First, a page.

Their replacement is ShaDon Brown, who will coach both safeties and cornerbacks. Brown coached the cornerbacks at Army this past season, his first at the Football Bowl Subdivision level. Despite having a pair of true freshman play a bulk of the season at corner, Army ranked sixth nationally in passing yards allowed (170.2 per game) and 17th in pass efficiency defense (115.11 rating).

“I’m so excited about being here in Boulder and working with this staff, especially (head coach Mike MacIntyre),” Brown told the Daily Camera. “The things I heard about him prior to taking this opportunity were awesome. I can’t wait to get started to work with the defensive backs here and get rolling in spring football.”

While three players with NFL talent have departed, Brown’s cupboard is not entirely bare.

Colorado played with five defensive backs for most of last season, which means that the Buffs do have two returning starters, Afodabi Laguda, who started all 14 games last season at free safety, and Ryan Moeller, who had ten starts at nickel back in 2016. Laguda was steady all last season, finishing second on the team in tackles, with 80, while Moeller tied for the team lead in tackles for loss, with four.

A third starter can also likely be penciled in … and he may prove to be even better than the All-Pac-12 performers he is replacing. Junior Isaiah Oliver was third on the team in passes broken up in 2016, with 13, but those players who had more (Witherspoon, with 22; and Thompson, with 18) were both on the field considerably more often (Oliver was on the field for 440 plays – Witherspoon and Thompson almost 800 plays apiece).

Pro Football Focus has taken note of Oliver’s potential. In naming Oliver its Pac-12 Special Teams player-of-the-year (Oliver had seven special teams tackles, and almost single-handedly won the UCLA game with two long punt returns, including a 68-yarder for a touchdown), PFF had this to say:

Oliver is a player that we fully expect to make the 2017 PFF All Pac-12 team as a cornerback as he was one of the better corners in the conference this year but just missed the cut. Oliver contributed seven special teams tackles in addition to 166 punt return yards and a touchdown.

Three spots down; two to go.

For one of the safety positions, look for a battle this spring between Nick Fisher and Evan White (Jaisen Sanchez is out for the spring with an injury, and junior Kyle Trego has yet to make a name for himself). Both are intriguing stories. Fisher, a backup for most of 2016, nonetheless was named the Pac-12 Defensive Player-of-the-Week for his efforts in the Washington State game. Subbing for Afodabi Laguda when the starting free safety was ejected in the first quarter on a targeting call, Fisher – who had been in for all of 39 plays in the first ten games of the season, was in for 67 plays against the Cougars. Fisher contributed six tackles, including a fourth down stop in the red zone which turned the game in favor of the Buffs.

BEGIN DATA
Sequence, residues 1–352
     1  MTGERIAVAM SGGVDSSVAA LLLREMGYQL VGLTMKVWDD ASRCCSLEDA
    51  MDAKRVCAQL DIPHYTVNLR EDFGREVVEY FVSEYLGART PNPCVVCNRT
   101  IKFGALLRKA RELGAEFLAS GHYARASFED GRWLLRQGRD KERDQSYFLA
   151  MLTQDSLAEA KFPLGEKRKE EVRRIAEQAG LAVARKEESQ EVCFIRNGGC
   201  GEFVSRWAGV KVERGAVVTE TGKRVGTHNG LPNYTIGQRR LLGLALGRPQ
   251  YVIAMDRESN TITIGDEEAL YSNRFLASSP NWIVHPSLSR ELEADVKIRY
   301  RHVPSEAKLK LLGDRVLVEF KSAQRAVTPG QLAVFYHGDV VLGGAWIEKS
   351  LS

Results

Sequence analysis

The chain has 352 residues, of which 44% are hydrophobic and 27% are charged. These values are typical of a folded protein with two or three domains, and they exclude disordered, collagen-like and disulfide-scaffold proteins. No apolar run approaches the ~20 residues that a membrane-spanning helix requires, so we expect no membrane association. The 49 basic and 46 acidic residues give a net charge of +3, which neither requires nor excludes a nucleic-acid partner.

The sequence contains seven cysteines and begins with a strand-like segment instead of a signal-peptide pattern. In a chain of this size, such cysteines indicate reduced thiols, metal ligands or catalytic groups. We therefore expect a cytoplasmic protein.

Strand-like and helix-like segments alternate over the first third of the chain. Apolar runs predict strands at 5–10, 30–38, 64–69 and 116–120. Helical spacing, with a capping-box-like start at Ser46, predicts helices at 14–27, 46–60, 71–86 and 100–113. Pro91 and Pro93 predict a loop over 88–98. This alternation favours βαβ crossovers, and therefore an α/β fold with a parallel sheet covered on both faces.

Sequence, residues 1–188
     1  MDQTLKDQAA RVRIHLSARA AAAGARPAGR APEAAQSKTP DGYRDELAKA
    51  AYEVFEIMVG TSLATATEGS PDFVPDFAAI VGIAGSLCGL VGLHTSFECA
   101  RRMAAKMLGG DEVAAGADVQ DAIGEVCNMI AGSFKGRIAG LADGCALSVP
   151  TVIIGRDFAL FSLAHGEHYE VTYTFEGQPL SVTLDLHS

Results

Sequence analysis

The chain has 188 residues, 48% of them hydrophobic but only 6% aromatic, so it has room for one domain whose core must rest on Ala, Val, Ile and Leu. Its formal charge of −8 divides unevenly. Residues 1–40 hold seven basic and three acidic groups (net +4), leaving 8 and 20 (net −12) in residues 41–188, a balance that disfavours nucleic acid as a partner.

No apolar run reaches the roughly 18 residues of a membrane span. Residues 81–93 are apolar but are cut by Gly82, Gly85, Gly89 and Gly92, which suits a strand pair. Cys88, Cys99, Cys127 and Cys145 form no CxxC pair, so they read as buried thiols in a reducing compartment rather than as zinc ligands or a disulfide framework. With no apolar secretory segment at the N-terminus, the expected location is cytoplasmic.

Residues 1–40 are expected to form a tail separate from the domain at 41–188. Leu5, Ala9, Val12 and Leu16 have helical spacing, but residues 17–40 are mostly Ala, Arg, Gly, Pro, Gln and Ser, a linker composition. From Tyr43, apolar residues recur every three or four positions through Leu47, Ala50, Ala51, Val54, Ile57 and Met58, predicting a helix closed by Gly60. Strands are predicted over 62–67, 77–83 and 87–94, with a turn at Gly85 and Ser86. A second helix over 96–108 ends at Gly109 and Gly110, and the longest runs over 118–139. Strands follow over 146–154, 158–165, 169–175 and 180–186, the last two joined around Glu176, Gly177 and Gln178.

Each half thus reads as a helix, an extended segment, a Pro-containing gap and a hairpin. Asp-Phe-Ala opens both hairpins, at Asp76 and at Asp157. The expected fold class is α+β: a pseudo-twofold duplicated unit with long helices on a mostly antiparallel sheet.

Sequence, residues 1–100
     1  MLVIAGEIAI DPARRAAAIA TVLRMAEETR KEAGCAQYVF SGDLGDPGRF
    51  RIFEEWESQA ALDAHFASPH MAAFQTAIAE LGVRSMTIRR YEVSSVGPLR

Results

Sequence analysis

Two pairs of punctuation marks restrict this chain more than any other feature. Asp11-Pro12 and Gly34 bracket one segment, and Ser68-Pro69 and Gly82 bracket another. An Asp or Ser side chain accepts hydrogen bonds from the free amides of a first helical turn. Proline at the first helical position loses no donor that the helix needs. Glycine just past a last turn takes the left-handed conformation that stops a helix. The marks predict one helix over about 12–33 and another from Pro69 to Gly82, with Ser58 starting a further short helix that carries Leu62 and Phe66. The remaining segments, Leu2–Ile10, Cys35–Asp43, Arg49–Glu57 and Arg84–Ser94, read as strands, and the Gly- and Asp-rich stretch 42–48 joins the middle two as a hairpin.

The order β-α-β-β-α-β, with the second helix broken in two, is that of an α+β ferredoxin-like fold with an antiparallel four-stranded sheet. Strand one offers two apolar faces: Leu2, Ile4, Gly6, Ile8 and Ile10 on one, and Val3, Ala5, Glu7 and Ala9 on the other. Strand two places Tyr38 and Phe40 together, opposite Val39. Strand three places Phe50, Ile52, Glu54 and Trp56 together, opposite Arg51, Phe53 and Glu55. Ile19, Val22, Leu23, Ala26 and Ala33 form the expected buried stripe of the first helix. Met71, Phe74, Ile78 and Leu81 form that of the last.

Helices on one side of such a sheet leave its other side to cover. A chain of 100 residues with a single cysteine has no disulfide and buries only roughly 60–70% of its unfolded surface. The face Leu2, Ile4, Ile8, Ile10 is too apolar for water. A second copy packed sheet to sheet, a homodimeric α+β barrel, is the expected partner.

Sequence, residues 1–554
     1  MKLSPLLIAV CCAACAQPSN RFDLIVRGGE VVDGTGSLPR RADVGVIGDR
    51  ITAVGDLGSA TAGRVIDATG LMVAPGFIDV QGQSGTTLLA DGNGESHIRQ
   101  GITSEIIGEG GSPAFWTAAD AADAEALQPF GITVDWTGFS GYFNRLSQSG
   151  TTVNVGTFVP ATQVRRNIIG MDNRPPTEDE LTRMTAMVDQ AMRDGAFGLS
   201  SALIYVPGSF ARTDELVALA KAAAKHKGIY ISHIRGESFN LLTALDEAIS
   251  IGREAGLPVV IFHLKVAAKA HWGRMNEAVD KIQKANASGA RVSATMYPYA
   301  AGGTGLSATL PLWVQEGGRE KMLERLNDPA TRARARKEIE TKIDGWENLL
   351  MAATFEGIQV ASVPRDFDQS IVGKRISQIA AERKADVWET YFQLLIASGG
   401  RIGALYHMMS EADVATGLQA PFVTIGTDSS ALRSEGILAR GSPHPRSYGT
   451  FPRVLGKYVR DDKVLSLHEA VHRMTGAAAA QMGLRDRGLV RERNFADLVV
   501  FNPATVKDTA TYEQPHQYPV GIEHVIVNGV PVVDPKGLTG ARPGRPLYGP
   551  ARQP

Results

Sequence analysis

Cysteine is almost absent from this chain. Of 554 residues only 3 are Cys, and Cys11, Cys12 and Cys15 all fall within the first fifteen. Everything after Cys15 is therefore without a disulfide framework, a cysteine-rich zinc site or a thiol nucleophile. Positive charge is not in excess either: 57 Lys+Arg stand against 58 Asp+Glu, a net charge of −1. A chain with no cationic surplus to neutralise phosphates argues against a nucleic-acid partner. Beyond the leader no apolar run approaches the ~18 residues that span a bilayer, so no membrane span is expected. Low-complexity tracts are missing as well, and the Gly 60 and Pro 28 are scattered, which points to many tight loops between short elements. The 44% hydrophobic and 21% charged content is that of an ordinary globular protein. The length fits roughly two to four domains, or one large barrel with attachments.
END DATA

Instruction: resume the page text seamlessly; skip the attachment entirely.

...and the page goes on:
Evan White missed all of last season on suspension, but worked his way back onto the team in January. The junior, who started three games as a freshman and played in 11 games as a sophomore two years ago, is ready for a second chance.  “I’m really glad to be here,” said White. “Once you sit out for a whole year, you learn to look at it from a whole different perspective. When it’s taken away is when you really begin to realize how much you miss it. I really think this is what I’m meant to be doing, and I’m not sure I realized that before.”

The other cornerback position will have plenty of applicants. Anthony Julmisse has the most experience of the players on the roster, but there are other options. Junior college Dante Wigley will compete immediately, as will true freshman Isaiah Lewis, who graduated high school early and enrolled in January. The other names to remember are both redshirt freshmen who sat out last year, learning the defense … Ronnie Blackmon and Trey Udoffia.

The plethora of talent leads one to believe that new defensive backs coach ShaDon Brown will have more to work with than some will give CU credit for. “Everybody starts somewhere,” Brown said. “This is my first Power 5 job, but coaching is coaching. It’s mentoring the guys, it’s loving them, it’s teaching them and giving them tools to be better and then going out there and making plays and having fun when they do it.”




Players lost: Jimmie Gilbert; Kenneth Olugbode; Deaysean Rippy; Ryan Severson; Travis Talianko; Christian Shaver

Seniors: Addison Gillam, 6’3″, 230; Derek McCartney, 6’3″, 250; Trent Headley, 6’2″, 225

Juniors: Rick Gamboa, 6’0″, 230; Drew Lewis, 6’2″, 230; N.J. Falo, 6’2″ 220; Terran Hasselbach, 6’1″, 240

Sophomores: none